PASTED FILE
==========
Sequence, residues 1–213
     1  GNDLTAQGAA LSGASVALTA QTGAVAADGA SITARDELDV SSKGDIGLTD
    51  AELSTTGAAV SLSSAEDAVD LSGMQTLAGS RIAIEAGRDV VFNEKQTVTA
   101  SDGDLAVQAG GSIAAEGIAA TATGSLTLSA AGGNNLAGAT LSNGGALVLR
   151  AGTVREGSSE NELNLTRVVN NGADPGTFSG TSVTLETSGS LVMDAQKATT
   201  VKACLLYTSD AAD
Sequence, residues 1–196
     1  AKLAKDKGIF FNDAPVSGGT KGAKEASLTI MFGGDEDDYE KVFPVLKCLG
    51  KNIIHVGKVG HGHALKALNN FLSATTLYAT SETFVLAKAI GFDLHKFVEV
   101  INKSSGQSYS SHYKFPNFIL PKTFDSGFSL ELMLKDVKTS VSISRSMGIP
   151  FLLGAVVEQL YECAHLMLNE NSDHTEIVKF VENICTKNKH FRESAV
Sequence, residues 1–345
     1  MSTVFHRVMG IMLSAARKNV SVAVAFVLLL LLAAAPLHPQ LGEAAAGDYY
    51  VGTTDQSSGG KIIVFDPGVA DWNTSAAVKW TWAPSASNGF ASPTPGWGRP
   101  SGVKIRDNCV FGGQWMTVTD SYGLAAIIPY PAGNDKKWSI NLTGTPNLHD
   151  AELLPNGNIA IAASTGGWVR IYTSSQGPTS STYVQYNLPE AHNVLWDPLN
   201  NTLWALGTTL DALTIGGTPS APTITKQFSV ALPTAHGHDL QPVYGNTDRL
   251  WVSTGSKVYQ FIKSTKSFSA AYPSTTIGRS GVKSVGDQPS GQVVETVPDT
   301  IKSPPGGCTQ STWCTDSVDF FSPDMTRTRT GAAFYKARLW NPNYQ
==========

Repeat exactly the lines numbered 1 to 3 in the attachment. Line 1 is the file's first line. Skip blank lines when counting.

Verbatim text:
Sequence, residues 1–213
     1  GNDLTAQGAA LSGASVALTA QTGAVAADGA SITARDELDV SSKGDIGLTD
    51  AELSTTGAAV SLSSAEDAVD LSGMQTLAGS RIAIEAGRDV VFNEKQTVTA